Rare Earth

1990/11/01 Barrenetxea, Tere - Elhuyar Fundazioa Iturria: Elhuyar aldizkaria

The 17 metals between atomic number 21 and 71 chemical elements and the compounds that produce them are called rare earths.
The periodic table from the standpoint of rare earth.

The 17 metals between atomic number 21 and 71 chemical elements and the compounds that produce them are called rare earths.

These seventeen elements are: Three elements of group III b [Escandio (Sc), Itrio (Y) and Lantano (La)] and the first of the two series, commonly called lantanide, are written outside the periodic table, composed of 14 elements. The name of lantanide is due to its offspring. The lanthanide series consists of: Cerio (Ce), Praseodymium (Pr), Neodymium (Nd), Prometio (Pm), Samario (Sm), Europio (Eu), Gadolinium (Gd), Terbio (Tb), Disprosion (Dy), Holmio (Ho), Blutitorio (Blu).


Rare earth name, XVIII. Since the 20th century, when the first discoveries about these metals were made. The proportion of these metals was minimal in those minerals from initial studies. Given this scarcity, these researchers believed they were very rare on the earth's surface. Later it has been proven that they were wrong. Cerium, lanthanum and neodymium are more abundant on the earth's surface than lead. Yttrium is more common than tin and the earth's crust is as rich in tulia as in iodes.

The scientific history of these elements is very turbulent. The investigation of many years of hardness, mixing and step by step after the accumulated knowledge until today. Between the first discovery of an element of this family and the last to isolate spent 144 years. It took half a century to discover that didymium was a mixture of neodymium and praseodymium.

The long history of rare earth research was born in 1794. That year the Finnish chemist Johann Gadolin isolated the first rust from the rare earth family. It isolated the rust of a rare earth from a mineral obtained in the Swedish municipality of Ytterby. He believed he had a new element he baptized as an iterbit. Finally, in short, it was called itria.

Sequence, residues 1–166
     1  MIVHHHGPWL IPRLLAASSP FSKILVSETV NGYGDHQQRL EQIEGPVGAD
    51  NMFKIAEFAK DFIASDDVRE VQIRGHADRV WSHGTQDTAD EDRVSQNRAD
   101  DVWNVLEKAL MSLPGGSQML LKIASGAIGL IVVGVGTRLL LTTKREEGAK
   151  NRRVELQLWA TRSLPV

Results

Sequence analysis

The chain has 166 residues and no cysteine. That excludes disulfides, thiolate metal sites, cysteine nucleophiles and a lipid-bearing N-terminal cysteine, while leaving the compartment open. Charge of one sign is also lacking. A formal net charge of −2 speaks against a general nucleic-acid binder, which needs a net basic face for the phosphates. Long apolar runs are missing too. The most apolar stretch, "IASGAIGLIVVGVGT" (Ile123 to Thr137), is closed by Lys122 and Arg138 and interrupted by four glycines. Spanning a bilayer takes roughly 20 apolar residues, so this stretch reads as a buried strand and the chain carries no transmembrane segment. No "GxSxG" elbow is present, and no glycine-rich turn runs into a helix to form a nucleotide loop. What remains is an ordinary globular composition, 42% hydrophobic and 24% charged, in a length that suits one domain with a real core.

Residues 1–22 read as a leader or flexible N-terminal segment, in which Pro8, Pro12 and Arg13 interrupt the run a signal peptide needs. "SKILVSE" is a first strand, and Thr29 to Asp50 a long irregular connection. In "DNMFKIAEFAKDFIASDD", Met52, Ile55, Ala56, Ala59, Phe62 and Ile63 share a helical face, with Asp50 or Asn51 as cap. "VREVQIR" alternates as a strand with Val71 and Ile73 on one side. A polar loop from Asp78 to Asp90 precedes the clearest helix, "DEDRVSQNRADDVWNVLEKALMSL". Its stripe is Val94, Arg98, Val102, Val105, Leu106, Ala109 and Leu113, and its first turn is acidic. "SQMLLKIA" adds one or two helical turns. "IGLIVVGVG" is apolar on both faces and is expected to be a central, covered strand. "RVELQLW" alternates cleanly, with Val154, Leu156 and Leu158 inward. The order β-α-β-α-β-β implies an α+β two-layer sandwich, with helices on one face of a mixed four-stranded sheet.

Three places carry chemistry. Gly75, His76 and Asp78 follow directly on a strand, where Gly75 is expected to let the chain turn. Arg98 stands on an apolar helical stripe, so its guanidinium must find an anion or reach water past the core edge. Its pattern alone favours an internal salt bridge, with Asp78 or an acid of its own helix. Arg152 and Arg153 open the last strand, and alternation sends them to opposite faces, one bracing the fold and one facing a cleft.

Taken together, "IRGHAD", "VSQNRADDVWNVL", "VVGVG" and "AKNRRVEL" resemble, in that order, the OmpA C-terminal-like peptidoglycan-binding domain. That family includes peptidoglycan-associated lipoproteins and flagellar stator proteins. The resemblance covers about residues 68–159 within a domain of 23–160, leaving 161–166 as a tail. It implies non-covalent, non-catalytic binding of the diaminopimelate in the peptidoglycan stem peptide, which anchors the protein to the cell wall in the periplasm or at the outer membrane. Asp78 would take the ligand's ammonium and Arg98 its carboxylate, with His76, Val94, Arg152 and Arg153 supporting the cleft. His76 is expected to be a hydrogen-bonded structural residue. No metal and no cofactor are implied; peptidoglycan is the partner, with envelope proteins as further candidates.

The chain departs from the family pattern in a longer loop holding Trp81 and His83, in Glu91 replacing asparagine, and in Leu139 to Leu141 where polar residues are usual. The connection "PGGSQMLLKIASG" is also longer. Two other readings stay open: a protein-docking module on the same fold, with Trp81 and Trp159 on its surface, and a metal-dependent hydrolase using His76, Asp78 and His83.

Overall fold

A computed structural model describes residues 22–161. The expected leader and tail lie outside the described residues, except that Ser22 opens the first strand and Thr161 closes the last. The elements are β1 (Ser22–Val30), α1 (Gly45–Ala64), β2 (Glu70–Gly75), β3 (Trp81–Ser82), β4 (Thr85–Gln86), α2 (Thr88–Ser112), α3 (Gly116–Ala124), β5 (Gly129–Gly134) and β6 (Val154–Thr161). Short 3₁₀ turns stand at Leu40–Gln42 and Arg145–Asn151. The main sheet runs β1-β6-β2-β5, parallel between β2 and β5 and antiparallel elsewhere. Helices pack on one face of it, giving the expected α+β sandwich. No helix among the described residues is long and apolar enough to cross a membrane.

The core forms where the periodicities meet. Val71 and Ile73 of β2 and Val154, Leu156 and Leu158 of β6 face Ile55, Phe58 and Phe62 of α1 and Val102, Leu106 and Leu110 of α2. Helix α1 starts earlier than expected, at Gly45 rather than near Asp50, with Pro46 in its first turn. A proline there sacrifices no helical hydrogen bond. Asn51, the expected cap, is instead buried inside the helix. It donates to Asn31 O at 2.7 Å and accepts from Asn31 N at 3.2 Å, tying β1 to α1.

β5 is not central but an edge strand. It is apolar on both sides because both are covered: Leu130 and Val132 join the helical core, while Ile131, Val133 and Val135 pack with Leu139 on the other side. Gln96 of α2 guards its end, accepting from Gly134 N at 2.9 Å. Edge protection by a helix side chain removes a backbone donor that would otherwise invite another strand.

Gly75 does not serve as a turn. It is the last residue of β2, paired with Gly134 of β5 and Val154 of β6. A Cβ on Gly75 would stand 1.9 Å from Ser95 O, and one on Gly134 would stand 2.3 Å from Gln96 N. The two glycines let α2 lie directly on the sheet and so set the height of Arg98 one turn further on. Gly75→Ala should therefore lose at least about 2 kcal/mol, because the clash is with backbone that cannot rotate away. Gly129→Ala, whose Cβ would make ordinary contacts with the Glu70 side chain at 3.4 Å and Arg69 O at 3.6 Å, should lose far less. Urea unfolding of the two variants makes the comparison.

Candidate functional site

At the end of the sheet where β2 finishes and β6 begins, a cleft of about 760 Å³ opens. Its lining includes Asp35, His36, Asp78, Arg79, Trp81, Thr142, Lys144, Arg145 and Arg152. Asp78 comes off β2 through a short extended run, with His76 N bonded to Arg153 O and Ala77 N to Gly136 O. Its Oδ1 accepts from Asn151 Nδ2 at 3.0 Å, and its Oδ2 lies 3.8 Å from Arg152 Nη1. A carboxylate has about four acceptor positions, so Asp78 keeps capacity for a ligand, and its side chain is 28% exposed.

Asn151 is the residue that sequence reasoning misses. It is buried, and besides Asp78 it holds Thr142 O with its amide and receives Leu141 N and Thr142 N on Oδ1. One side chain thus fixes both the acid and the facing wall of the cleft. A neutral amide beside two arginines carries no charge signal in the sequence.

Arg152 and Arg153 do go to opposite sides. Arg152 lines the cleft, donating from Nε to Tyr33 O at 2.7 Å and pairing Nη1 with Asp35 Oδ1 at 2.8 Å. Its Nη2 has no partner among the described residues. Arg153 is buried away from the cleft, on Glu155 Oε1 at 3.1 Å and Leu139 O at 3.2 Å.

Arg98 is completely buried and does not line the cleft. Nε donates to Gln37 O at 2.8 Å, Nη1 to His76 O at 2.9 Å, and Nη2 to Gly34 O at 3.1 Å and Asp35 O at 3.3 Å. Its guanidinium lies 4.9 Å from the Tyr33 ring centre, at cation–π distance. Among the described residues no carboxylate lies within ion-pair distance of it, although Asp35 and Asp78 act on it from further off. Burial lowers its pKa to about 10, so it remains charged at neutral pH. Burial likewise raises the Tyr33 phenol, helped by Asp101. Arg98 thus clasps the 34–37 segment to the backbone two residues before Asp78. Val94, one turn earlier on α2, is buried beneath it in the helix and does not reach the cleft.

Years later, in 1803, researchers such as Martin Heinrich Klaproth or the famous Jöns Jacob Berzelius isolated another rare land, also rust. It was given the name Zeria in honor of the newly discovered asteroid Zere. This was also a pure element. In 1808 Sir Humphry Davy demonstrated that the rare earths discovered until then were not elements, but combinations between metallic elements and oxygen. Metals that provided rust and itria were called cerium and itrium.

Rare earths are not as rare as expected.

Over the course of forty years it was considered that the itria and the artery, that is, those that were considered oxides of yttrium and cerium, were chemically well defined. But they were really mixtures of rare earth oxides. In 1840 the Swedish mineralogist Carl Gustav Mosander finally achieved the division of the Itria and the Barber in rare lands. This was the discovery that opened the door to the isolation of the entire rare earth succession.

In the following years, numerous investigations were carried out, but it was difficult to advance. Great confusion was created around certain discoveries, and in order to clarify whether these were pure elements or confusions, numerous publications were made. The names of the elements also changed from laboratory to laboratory.